A School and a Virus
Turning Impossible into “I’m Possible”
By John Carlisle
Photos courtesy of Wilder Elementary School
At the beginning of the 2019-20 school year, a student came to Wilder Elementary who did not speak English. Having to learn a new language might have seemed impossible to her, but she came to school and practiced each day. When it became difficult—and it did—she turned to those she trusted for support. Her mother was providing for the family and did not have a lot of time to help, and so the student would come to my office as principal, or she’d find a teacher to talk to. One particular mentor worked with this little girl each day and was very helpful. And then in early 2020, the pandemic hit. School was closed, along with just about everything else. The student’s efforts could have collapsed at that point, but her many mentors kept in contact online, and her mother helped at home. By the time summer arrived, this little girl used English almost as well as the other students.
When education was spun on its heels and turned upside down last spring and the traditional way of teaching students became no longer feasible or practicable, I felt the twist and jolt of it during the many conversations we had about closing the school. We all wanted what was best for the students, and most of us knew that meant undertaking the process of a transition to remote learning. I remember standing in the empty hallway of the school wondering over and over again, am I doing what is best for the students? I knew having them in the building was clearly best for their learning as they engaged with their peers and mentors. Still, the school had been closed, and this was what I had to do as its leader. It was now important for their health and safety to be away from interactions with their peers for a time.
Once we started up again, we quickly made the preparations that had been decided upon. Parents came by in cars to pick up materials, directions, and iPads for learning at home. Like the little girl who learned English, our teachers now faced a seemingly impossible challenge. They had to continue to provide personalized learning paths for students who were no longer in the classroom. A lot was happening at once, and there was still more work to do. In Wilder, our school’s team pulled together in its commitment to students and families to provide more than just schooling. The families and students also relied on our school for support with meals, transportation, and communication. We had many discussions at the state level, along with the local health department, to provide these resources in a safe and efficient way.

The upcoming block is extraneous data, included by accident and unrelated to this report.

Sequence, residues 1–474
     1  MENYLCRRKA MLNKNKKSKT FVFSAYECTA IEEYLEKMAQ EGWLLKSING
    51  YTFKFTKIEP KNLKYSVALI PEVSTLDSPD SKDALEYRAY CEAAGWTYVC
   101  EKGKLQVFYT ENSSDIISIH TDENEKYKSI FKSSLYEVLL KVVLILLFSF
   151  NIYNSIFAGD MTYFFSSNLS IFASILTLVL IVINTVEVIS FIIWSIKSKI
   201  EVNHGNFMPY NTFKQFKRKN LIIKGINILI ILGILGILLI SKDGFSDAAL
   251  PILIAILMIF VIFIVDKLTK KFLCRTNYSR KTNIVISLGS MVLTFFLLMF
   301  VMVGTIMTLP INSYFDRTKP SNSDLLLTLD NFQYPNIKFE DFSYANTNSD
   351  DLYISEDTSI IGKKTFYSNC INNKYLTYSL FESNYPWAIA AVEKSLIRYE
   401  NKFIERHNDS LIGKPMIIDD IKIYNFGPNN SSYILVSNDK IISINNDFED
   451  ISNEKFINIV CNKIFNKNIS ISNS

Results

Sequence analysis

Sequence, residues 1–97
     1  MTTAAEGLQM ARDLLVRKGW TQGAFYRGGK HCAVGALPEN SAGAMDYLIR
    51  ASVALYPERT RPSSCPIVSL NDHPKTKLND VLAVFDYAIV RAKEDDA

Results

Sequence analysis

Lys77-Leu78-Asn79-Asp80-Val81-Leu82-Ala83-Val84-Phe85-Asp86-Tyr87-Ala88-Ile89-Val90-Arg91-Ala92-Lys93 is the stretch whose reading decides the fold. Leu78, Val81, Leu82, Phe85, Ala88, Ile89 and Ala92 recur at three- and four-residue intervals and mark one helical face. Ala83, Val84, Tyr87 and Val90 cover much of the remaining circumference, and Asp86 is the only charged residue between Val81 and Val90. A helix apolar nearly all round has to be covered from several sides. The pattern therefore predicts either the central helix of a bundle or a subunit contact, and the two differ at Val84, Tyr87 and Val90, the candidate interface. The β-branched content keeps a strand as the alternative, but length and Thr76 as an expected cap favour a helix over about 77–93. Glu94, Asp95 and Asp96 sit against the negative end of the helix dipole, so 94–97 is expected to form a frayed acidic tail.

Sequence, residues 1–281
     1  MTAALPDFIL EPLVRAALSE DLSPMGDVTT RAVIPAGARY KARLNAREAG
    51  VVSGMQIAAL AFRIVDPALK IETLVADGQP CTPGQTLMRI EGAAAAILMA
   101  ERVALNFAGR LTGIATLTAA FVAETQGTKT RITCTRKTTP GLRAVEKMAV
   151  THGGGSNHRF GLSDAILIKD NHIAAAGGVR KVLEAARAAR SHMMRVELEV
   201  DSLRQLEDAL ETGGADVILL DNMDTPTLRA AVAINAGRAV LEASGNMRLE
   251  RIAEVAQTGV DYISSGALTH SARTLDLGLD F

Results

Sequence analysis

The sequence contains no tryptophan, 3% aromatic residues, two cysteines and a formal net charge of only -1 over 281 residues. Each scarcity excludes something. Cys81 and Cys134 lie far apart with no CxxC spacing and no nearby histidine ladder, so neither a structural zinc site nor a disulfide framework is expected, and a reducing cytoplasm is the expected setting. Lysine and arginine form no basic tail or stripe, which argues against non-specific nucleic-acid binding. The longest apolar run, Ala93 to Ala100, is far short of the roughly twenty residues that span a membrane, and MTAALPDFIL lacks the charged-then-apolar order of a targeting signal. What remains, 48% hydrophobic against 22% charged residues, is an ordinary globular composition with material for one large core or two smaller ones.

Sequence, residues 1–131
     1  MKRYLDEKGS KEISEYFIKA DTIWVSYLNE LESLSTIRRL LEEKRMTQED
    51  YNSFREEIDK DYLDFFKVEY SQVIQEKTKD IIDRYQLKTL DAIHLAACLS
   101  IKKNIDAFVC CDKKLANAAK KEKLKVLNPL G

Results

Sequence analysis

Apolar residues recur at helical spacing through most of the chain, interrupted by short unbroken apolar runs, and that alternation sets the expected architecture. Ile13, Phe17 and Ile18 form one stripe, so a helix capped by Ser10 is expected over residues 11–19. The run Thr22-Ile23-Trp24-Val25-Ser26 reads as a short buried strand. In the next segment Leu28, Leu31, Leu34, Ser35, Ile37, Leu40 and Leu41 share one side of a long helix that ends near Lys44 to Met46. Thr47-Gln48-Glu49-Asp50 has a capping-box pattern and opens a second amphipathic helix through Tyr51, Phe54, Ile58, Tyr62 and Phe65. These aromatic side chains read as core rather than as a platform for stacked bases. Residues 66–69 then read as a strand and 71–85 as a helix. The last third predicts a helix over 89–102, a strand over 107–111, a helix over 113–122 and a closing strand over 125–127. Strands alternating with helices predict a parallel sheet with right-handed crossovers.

For example, rather than the students coming to the cafeteria for meals, the cafeteria became an assembly line for preparing lunch along with breakfast for the next day. Lunches and breakfasts were put into covered styrofoam containers and brown paper bags. School buses went to predetermined locations to hand out the meals. Sometimes, staff delivered the food directly to the homes of students.
During the first weeks of online classes last spring, we had to troubleshoot many technology issues, including making sure parents and students could access the programs with the iPads. But even having these computers available for each student was an unusual situation. It sprang from a partnership with the Apple Corporation that began in the spring of 2016, when the Wilder School District became one of the company’s ConnectEd schools through a program initiated by the White House. So our students already had devices and the infrastructure to be successful, and the school had years of training and implementation experience, which made the switch to remote learning much easier than it otherwise might have been. But familiarity with the technology wasn’t the only advantage. Our teachers, mentors, and students already had used the computers in ways that increased student motivation and joy in learning. We knew that everyone could create through drawing, photography, music, and electronic presentations. They could make opportunities to learn wherever and however they desired.